The story of George Bell

Very few people knew the name George Bell before the New York Times published a powerful long-form article about him last week. At age 72, Bell had died alone and unnoticed. Living by himself, he had become something of a hermit and a hoarder, and in the absence of anyone who cared, it took city authorities months to piece together his story — did he have family; did he have friends; was he really, even, George Bell? Since the publication of “The Lonely Death of George Bell,” which sent ripples through the Internet, Bell has also become a case study in senior isolation. Read the story at

Amazon sues reviewers

The days of relying on a store clerk to advise you on which TV to buy are over. User reviews, especially those posted on Amazon, are the go-to. But what if they’re bought opinions? It turns out that more than a thousand people who’ve been posting reviews to Amazon were paid $5 a hit to write positive things about products that they never tried out. The online retail behemoth is suing the fake reviewers for violating the site’s conditions of use. So, can you ever trust an Amazon review again? The trick is to read several. Read more about the lawsuit on

How we think about aging determines how we age

It’s not big news, but the Wall Street Journal has neatly wrapped up several threads of research that show how our expectations and attitudes about age affect our health as we grow older. The Journal does not neglect to point out that how we feel about age has a lot to do with the cultural stereotypes we often unwittingly absorb. “In test after test, negative stereotypes have been shown to lead to poor health results. Over the past two decades, dozens of studies from psychologists, medical doctors and neuroscientists have shown that older people with more negative views of aging fare more poorly on health than those with less-pessimistic attitudes.” Read the article at, click through to the studies the article links to, and watch the video here or below:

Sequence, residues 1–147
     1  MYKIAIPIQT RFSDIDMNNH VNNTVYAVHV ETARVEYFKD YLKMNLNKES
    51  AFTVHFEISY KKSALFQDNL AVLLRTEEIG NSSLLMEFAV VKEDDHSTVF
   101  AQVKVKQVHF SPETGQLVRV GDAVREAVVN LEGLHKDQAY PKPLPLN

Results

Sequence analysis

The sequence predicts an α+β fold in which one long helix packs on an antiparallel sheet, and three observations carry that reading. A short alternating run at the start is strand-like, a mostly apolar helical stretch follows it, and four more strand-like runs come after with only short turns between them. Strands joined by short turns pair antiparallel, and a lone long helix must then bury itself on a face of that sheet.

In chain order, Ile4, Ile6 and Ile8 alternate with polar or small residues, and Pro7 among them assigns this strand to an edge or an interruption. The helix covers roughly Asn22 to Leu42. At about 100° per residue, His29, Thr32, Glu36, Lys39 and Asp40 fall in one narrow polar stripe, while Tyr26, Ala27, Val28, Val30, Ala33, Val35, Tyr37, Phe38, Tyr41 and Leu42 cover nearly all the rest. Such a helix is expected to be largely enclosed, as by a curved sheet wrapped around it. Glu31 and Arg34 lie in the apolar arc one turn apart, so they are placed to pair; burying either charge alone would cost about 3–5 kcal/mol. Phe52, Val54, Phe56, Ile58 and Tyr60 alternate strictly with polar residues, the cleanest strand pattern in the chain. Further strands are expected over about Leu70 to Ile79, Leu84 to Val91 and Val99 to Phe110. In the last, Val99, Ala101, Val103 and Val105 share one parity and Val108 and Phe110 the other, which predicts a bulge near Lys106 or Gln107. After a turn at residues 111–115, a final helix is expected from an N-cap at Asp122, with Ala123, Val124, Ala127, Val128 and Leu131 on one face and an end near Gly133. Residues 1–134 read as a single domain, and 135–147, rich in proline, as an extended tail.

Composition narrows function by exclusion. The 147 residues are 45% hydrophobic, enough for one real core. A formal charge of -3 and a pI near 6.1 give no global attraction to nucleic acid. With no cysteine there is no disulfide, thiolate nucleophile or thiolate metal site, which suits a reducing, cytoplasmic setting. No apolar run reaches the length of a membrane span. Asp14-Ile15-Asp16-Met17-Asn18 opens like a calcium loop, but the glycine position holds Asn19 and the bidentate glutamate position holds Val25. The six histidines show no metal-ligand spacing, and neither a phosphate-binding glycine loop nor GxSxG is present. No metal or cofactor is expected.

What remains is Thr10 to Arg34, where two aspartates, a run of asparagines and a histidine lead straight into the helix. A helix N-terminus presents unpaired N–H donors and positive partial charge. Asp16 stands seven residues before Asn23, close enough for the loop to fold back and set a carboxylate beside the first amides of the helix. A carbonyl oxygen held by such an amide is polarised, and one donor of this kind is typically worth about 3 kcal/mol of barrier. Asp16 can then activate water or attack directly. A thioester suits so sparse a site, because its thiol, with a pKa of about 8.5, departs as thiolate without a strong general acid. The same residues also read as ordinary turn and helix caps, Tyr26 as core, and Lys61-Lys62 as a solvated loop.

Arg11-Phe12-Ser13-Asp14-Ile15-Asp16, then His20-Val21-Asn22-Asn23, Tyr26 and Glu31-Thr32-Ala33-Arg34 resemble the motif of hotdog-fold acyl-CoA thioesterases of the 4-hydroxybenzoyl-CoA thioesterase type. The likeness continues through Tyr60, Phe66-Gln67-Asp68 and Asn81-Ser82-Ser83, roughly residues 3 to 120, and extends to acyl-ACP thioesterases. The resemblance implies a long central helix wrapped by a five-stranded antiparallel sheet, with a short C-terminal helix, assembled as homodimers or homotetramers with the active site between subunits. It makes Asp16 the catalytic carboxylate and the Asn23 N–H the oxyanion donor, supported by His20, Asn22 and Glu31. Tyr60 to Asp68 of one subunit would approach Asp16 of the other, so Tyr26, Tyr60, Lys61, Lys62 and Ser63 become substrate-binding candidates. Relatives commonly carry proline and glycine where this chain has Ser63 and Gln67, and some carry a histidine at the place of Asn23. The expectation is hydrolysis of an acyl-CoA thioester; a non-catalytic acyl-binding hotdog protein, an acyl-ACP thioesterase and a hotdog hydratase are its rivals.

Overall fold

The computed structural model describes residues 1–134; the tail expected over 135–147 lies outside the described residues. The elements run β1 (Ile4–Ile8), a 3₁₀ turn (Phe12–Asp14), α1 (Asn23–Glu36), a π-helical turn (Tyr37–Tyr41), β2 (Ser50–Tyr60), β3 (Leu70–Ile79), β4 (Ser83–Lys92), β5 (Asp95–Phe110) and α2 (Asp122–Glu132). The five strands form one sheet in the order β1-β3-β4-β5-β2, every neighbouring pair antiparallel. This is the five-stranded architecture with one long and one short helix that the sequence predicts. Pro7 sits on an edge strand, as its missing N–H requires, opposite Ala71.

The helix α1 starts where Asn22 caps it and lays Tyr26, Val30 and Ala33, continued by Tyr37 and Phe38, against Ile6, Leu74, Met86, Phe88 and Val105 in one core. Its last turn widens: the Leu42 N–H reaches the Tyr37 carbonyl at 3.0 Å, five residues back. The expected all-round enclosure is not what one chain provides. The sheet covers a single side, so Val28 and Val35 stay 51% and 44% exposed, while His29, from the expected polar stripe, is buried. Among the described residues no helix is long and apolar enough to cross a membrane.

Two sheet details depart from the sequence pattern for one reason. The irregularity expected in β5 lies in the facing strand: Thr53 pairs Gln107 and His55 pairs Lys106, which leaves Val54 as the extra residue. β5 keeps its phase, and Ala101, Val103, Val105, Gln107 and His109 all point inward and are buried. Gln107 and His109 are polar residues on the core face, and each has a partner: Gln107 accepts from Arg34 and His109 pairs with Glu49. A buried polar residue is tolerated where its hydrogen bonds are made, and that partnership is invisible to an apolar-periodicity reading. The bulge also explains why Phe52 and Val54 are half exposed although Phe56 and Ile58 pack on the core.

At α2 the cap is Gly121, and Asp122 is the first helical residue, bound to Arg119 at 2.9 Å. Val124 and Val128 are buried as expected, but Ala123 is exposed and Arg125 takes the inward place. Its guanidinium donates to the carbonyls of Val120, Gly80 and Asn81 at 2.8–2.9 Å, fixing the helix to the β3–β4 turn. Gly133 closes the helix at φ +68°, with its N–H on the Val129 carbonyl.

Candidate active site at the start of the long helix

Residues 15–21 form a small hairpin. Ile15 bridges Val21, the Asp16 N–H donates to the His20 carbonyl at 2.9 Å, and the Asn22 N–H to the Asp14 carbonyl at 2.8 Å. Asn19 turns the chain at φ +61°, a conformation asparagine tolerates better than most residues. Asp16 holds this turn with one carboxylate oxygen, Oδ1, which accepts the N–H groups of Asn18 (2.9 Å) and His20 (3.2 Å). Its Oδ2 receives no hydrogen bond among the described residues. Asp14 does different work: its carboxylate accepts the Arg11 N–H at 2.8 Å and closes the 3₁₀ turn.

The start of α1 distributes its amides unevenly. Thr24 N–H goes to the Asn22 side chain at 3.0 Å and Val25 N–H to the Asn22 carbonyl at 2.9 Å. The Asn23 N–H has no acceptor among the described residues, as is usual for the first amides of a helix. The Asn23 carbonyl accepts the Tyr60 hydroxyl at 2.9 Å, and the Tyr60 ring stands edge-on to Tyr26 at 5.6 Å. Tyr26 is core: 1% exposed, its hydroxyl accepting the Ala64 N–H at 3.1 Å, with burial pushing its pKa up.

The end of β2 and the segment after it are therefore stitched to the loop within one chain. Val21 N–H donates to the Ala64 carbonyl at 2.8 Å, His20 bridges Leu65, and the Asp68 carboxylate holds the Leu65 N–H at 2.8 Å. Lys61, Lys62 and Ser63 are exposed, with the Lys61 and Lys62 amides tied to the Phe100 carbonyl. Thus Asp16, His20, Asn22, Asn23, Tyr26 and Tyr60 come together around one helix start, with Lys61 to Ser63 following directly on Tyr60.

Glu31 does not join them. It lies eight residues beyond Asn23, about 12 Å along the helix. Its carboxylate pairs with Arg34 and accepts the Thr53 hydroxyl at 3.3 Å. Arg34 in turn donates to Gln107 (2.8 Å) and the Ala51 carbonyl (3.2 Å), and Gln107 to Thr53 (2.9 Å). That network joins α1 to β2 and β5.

Fighting embolisms with microrobots

What if a tiny robot could get inside your vein and break up a blood clot? A team of Egyptian researchers at Cairo’s Medical Micro & Nano Robotics Laboratory decided to try it. Blood clots are one of the perils of a sedentary life as we age; they can form in the vein, travel to the lung or heart and prove fatal. (High blood pressure, high cholesterol and certain diseases are also risk factors.) Currently, there is no speedy way to dissolve a clot, but the researchers in Cairo believe that their innovation — a two-millimeter-long, 300-micrometer-wide helical microrobot — could be the answer. Driven by a magnetic field, it swims through the body’s veins and enters a clot to break it up. So far, the robot has been successful with artificial blood. The researchers believe that once they add an anticoagulant, it will be able to do its job with real blood. Read more here.

If you think the Internet’s in the cloud…

Watch this fascinating video posted last week to (hint: Sharks have bitten the Internet).


Happy clicking!